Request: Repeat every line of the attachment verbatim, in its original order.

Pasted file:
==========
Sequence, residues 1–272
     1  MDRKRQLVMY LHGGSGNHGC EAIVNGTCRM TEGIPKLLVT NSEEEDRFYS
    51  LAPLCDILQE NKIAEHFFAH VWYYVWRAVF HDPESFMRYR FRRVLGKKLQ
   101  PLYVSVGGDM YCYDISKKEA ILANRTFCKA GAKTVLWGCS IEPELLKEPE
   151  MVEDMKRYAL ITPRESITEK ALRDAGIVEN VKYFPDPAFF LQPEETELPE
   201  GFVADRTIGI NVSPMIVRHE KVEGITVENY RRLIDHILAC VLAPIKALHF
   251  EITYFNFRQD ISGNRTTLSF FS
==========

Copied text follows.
Sequence, residues 1–272
     1  MDRKRQLVMY LHGGSGNHGC EAIVNGTCRM TEGIPKLLVT NSEEEDRFYS
    51  LAPLCDILQE NKIAEHFFAH VWYYVWRAVF HDPESFMRYR FRRVLGKKLQ
   101  PLYVSVGGDM YCYDISKKEA ILANRTFCKA GAKTVLWGCS IEPELLKEPE
   151  MVEDMKRYAL ITPRESITEK ALRDAGIVEN VKYFPDPAFF LQPEETELPE
   201  GFVADRTIGI NVSPMIVRHE KVEGITVENY RRLIDHILAC VLAPIKALHF
   251  EITYFNFRQD ISGNRTTLSF FS